Snowshoeing provides exercise and fun to novices and experts

Published: Thursday, Feb. 3 2011 1:16 a.m. MST

Signage at the Twin Lakes overlook near Alta, Utah, Jan. 28, 2011.

Jeffrey D. Allred, Deseret News

SOMEWHERE IN THE WASATCH MOUNTAINS —

The view from my window could best be described as gray vomit.

The inversion had blossomed into its disgusting and depressing fullness that, coupled with the frigid temperatures and darkness, made the decision to venture outside a full-on dilemma.

Were it not for a deadline, I probably would have put off my snowshoe adventure to another more inviting winter day. But duty called. (And I am nothing if not dutiful.)

The idea of snowshoeing had been on my mind for some time. I have friends who enjoy the sport, and while it seemed a little boring at first blush, it also sounded relaxing.

Unlike my friends who saw them as a means of recreation, I had only used snowshoes for practical reasons. In other words, when the snow was too deep, and I was unable to secure a snowmobile, I would get from Point A to Point B on snowshoes.

My mom and I did play in a snowshoe softball tournament during the annual Fur Rendezvous celebration in Anchorage, but this did not persuade me that I had any ability to ENJOY snowshoes. It did convince me that I am less coordinated than I was led to believe as a child.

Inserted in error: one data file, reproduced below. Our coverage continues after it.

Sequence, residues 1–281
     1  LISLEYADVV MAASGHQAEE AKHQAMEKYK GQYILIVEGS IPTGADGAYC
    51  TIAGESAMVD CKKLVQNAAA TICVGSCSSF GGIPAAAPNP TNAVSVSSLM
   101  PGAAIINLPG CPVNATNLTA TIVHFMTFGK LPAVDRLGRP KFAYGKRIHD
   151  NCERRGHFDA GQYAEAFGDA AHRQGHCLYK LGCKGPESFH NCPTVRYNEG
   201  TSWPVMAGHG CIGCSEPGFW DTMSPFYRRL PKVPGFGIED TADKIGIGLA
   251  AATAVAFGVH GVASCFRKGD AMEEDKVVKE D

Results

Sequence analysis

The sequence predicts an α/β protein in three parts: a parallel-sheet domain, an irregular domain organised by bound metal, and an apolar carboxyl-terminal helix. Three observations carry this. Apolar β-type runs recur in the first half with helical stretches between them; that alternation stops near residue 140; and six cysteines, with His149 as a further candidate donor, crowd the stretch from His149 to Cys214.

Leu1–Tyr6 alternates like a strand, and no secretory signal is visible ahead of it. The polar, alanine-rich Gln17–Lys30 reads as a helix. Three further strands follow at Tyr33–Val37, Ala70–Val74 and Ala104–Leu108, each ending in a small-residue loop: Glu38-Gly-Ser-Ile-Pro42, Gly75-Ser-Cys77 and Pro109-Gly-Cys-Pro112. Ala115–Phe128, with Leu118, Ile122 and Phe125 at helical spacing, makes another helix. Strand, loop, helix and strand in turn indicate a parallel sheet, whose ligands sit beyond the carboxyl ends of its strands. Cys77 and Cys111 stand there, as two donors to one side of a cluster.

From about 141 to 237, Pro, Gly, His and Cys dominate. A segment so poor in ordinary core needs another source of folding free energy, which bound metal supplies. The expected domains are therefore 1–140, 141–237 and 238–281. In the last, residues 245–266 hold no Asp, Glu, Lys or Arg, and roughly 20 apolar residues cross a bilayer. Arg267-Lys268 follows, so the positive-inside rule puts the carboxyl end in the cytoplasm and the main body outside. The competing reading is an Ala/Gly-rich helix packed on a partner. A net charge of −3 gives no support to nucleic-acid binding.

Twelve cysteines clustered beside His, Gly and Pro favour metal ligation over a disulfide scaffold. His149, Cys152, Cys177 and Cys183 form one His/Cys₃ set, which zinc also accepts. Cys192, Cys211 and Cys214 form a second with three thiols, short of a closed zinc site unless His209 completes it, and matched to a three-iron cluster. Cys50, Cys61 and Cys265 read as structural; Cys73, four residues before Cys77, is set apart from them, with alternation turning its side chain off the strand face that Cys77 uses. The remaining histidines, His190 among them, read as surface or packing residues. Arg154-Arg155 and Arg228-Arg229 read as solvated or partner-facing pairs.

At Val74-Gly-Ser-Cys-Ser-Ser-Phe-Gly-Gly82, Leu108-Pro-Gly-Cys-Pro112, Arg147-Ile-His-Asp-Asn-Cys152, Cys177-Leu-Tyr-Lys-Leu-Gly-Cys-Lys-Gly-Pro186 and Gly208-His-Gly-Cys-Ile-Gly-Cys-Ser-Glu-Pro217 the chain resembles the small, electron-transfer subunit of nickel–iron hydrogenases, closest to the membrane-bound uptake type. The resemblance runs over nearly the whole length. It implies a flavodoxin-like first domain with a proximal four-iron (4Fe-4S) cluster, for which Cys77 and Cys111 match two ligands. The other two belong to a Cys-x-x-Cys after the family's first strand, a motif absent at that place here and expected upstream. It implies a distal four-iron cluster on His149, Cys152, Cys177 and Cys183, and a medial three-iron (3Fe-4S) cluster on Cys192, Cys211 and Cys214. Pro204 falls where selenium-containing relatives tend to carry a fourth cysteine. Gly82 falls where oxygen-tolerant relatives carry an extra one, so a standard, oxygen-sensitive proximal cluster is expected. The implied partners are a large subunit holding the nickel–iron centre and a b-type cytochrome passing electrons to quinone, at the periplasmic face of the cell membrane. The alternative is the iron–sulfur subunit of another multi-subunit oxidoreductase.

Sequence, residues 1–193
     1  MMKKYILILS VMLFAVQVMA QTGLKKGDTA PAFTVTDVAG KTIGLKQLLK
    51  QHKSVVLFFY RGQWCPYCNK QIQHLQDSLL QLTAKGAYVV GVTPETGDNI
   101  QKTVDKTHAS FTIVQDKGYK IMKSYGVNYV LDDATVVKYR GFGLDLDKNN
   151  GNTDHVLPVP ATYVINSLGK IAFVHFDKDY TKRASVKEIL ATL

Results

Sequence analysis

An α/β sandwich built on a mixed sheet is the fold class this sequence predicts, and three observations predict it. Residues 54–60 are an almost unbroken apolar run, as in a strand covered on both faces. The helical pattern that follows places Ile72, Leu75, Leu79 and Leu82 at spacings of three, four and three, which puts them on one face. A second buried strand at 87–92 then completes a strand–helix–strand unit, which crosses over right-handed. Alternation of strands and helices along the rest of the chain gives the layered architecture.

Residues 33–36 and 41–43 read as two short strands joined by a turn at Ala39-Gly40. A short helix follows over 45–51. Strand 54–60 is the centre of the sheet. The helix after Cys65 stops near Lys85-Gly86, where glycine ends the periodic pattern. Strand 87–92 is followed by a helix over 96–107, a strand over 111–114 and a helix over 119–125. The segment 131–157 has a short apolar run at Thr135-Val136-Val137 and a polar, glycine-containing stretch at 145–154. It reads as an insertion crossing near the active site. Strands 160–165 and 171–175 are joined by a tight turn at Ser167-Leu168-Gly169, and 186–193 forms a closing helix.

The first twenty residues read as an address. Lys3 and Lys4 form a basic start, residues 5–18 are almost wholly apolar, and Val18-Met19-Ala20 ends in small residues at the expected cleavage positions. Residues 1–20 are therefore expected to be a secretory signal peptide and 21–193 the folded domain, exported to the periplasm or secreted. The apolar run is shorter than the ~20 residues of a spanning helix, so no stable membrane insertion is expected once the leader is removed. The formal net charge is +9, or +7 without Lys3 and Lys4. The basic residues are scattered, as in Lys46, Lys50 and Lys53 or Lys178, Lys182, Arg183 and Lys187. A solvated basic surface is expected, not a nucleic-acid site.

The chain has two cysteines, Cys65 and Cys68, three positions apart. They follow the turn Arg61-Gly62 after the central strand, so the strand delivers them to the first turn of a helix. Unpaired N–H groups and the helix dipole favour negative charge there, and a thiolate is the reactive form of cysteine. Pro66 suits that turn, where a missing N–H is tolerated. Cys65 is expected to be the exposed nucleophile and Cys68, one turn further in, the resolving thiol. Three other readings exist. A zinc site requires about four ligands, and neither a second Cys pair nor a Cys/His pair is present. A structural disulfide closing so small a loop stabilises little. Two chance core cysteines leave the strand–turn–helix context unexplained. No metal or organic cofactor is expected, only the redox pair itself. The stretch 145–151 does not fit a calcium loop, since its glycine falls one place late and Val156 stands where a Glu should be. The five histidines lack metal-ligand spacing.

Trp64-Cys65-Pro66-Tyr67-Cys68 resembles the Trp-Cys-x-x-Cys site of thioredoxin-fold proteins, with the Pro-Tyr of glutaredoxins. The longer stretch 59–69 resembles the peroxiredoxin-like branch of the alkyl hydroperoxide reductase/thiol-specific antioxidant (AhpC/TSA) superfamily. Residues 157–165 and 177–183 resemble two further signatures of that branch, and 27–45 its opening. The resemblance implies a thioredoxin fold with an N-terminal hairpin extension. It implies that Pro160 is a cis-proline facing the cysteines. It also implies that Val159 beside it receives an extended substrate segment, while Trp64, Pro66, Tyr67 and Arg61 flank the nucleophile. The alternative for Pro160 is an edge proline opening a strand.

So what does one do when undertaking a something new? Consult the Internet, of course.

In my virtual wanderings, I stumbled upon freelance writer and snowshoe guru Lori Lee. She wrote the book on snowshoeing in Utah — literally. Lee offers her book online for free.

After some quality time with her website, www.snowshoeutah.com, I was a lot more intrigued with the offerings of snowshoeing.

"I love hiking," said Lee of how she was lured onto snowshoes. "I love getting out in the mountains. In the winter, you're deterred a lot from doing that. ... But with snowshoeing, you can get into the mountains all year-round."

It's also one of the cheaper ways to see the beautiful backcountry in Utah.

"Once you have your gear, there isn't a ticket to buy," she said. "You just pick a destination and go."

The sport is also enticing because its so easy to learn.

"You can go with your friends," she said, "or I can take my kids. It's the perfect family sport."

Lee agreed to be our guide last week on what turned out to be the perfect day to play in the Wasatch Mountains.

It was gray and gross in the valley, with very limited visibility. I actually thought it might snow in the mountains, despite assurances from multiple weather reports that the sun would make an appearance. I wasn't sure anything could cut through the haze.

So I followed Lee's instructions — carefully laid out in detail on her website — on dressing, which were basically to layer. Standing around my yard I might be shivering, but once I started trekking up Grizzly Gulch near Alta, she promised I'd be sweating.

I put on my warmest thermal running gear, followed by my snow pants, a fleece top and my winter coat. Four of us met at the park-and-ride lot in Little Cottonwood Canyon and consolidated into one car for the 10 minute ride to Alta.

As for gear, I chose to use snowshoes that were a gift to my stepson. Lee said they were deep powder snowshoes and a little more shoe than I needed for this, and probably most, trips. But they worked really well anyway.

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